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Placing the Blame

In the days following the train wreck, questions of how and why it happened hovered in the air. A coroner’s inquest was quickly opened in Almonte, the verdict spurred on by further tragedy: the conductor of the troop train, John Howard, was found in the Rideau River on January 6th. He had taken his own life, jumping into the frigid waters from Perrin Plow Bridge near his home in Smiths Falls. In a letter left to his son, he wrote. . .

I am sorry I have to do this, but I don’t want to go to jail. I was not responsible for that accident…God is my judge. I made no mistakes and I broke no rules. But I can’t stand it if they accuse me of causing 36 deaths.

Howard was 64 years old and nine months from retirement.

Newspaper clipping about the death of John Howard from the Almonte Gazette, January 8, 1943

The Almonte Gazette – January 8, 1943

The results from the coroner’s inquest followed three days later in Almonte Town Hall. After a three-hour deliberation, the jury placed the blame firmly on the CPR, but not on the individual employees. The full text of the jury’s verdict was printed in the The Almonte Gazette on January 14th and included recommendations to protect the public. . .

The Results of the Coroner’s Inquest

It is our finding that the blame for this wreck must be placed entirely on the Canadian Pacific Railway Company for three reasons:

  • First, they had no operator stationed at Pakenham when in our opinion the accident might have been avoided by the 20-minute block system.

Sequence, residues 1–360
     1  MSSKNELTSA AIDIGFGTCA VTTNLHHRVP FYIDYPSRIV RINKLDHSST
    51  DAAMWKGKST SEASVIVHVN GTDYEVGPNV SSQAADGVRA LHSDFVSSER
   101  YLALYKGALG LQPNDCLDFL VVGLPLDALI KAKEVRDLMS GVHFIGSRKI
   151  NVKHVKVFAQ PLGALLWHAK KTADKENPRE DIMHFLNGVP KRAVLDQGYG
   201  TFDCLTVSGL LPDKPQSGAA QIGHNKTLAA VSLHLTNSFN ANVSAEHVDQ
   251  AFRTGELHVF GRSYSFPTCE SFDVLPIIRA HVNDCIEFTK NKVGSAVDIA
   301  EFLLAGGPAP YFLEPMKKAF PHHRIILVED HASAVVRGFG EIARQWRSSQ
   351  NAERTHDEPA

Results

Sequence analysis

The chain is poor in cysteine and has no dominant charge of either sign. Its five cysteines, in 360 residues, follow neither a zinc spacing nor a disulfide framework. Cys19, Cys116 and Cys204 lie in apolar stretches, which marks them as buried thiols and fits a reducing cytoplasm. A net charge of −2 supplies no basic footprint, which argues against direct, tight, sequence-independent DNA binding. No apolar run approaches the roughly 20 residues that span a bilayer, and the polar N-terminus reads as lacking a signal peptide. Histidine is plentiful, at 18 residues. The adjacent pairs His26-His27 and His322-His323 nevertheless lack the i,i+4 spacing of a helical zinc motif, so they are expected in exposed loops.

• Second, there was no protective signal at a most dangerous curve, at the entrance to the town (Almonte).
  • Third, the green light showing above the Almonte station gave the engineer of No. 2802 the impression that he might proceed. Had this signal been red, according to the testimony of the engineer and fireman, this train could have been stopped.

We recommend that in order to prevent the occurrence of a similar catastrophe and to safeguard the travelling public, especially under wartime conditions:

  • That an operator be placed on steady duty at Pakenham.
  • The immediate installation of an automatic station protective signal west of Almonte.
  • That a standing order be issued for a speed limit not exceeding 25 miles an hour through Almonte and that this order be strictly enforced by the railroad officials.
  • That the block-signal device at the station here be changed to give protection to the standing trains.
Photograph of the clean-up process in the aftermath of the train wreck in Almonte, 1942. There is a crane in the background, and men standing in the wreckage.

The wreckage in Almonte – December 28, 1942


Despite the inquiry’s exoneration of the employees, a later investigation, conducted by the Board of Transport Commissioners for Canada, reached a different conclusion. Citing the troop train’s excessive speed and the passenger train’s failure to use a red or yellow flare, its findings stated. . .

There can be no other conclusion drawn from the facts but that had the rules been observed there would have been no accident.